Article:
- special Service Requests (SSR) such as meal requirements, wheelchair assistance, and other similar requests.
- "Optional Services Instruction" or "Other Service Information" (OSI) - information sent to a specific airline, or all airlines in the booking, which enables them to better provide a service. This information can include ticket numbers, local contacts details (the phone section is limited to only a few entries), airline staff onload and upgrade priority codes, and other details such as a passenger's language or details of a disability.
- vendor remarks, which are comments made by the airline, typically generated automatically once the booking or request is completed. These will normally include the airline's record locator, replies to special requests, and advice on ticketing time limits. While normally sent by the airlines to an agent, it is also possible for an agent to send a VR to an airline.
In more recent times, many governments now require the airline to provide further information included to assist investigators tracing criminals or terrorists. These include:
- Passengers' gender
- Passport details - nationality, number, and date of expiry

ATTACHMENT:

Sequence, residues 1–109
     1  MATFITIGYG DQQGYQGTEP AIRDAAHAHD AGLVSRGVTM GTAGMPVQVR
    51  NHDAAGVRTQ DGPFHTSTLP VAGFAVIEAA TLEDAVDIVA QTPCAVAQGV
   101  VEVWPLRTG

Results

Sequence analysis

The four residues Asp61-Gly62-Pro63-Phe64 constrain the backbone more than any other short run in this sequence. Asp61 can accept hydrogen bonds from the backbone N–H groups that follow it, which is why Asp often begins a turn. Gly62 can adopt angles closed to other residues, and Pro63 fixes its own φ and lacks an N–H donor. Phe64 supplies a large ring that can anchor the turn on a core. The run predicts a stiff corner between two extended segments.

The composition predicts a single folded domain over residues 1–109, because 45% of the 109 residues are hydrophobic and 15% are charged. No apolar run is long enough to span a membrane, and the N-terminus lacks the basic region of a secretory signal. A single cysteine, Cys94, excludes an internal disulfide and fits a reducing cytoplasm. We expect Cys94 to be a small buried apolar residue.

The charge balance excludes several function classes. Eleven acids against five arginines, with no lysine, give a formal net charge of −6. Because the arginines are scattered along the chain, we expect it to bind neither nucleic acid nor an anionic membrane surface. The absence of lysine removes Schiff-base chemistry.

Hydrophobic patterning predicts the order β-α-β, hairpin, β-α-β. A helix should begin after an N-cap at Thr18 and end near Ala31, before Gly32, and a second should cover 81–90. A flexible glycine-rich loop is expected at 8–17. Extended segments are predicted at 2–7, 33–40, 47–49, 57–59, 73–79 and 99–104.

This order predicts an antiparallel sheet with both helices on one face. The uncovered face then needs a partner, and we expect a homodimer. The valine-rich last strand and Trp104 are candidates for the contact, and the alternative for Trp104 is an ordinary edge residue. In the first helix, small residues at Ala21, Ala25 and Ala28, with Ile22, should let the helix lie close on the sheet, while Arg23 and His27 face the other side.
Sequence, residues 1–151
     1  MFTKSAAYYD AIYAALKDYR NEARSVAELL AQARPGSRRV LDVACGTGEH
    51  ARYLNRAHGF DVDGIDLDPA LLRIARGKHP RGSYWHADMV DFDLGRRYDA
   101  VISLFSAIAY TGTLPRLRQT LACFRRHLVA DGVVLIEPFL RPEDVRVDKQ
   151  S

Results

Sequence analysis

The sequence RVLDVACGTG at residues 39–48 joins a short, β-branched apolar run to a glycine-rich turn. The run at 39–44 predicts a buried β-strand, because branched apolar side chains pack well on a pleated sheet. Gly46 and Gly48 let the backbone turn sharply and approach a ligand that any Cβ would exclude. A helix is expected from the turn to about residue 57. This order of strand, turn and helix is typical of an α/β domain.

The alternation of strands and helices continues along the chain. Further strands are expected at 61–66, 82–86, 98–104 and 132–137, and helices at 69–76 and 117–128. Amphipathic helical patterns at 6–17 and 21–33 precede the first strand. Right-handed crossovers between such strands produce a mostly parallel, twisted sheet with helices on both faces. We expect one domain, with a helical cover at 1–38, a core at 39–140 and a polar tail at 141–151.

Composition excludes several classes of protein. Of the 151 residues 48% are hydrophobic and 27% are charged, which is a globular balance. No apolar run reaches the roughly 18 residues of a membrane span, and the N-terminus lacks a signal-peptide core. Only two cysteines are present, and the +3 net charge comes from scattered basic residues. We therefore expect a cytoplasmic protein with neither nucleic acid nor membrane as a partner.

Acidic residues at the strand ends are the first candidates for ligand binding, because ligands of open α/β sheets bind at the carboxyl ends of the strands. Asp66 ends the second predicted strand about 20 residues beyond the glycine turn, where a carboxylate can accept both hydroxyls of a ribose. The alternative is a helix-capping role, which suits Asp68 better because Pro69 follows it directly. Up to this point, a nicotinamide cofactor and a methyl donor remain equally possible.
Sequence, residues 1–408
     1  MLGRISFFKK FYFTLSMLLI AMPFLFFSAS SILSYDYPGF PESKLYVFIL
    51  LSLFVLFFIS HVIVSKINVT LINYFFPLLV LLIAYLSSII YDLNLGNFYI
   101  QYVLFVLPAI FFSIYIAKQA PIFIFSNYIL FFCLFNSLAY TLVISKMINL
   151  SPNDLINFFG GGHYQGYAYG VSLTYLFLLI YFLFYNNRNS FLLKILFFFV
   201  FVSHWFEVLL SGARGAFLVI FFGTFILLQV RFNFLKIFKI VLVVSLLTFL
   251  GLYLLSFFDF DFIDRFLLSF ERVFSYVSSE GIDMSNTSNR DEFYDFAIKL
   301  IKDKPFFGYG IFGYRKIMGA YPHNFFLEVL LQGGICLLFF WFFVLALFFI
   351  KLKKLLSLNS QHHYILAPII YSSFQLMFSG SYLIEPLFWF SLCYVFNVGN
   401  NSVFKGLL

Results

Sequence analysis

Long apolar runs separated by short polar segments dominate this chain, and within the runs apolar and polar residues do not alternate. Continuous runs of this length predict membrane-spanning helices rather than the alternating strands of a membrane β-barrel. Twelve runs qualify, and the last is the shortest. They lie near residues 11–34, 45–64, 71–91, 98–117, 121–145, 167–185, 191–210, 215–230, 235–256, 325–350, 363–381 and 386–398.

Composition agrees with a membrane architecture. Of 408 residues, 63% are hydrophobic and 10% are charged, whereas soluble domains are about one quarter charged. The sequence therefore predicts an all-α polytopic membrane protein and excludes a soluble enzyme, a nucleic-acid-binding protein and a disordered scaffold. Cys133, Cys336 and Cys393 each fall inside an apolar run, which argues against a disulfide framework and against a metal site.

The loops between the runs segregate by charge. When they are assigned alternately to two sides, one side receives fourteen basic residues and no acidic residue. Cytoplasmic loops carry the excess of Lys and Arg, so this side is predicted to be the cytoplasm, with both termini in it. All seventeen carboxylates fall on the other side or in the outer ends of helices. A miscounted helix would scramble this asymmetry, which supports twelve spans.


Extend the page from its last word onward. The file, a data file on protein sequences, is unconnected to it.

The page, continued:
- Date and place of birth
- Redress number, (if previously given to the passenger by the US authorities).
- All available payment/billing information.
The components of a PNR are identified internally in a CRS by a one character code. This code is often used when creating a PNR via direct entry into a terminal window (as opposed to using a graphical interface). The following codes are standard across all CRSs based on the original PARS system:
- - Name
- 0 Segment (flight) information, including number of seats booked, status code (for example HK1 - confirmed for 1 passenger) and fare class
- 1 Related PNR record ids.
- 2 PNR owner identification (airline, CRS user name and role)
- 3 Other airline Other Service Information (OSI) or Special Service Request (SSR) items
- 4 Host airline OSI or SSR items
- 5 Remarks
- 6 Received from
- 7 Ticketing information (including ticket number)
- 8 Ticketing time limit
- 9 Contact phone numbers
Advance Passenger Information System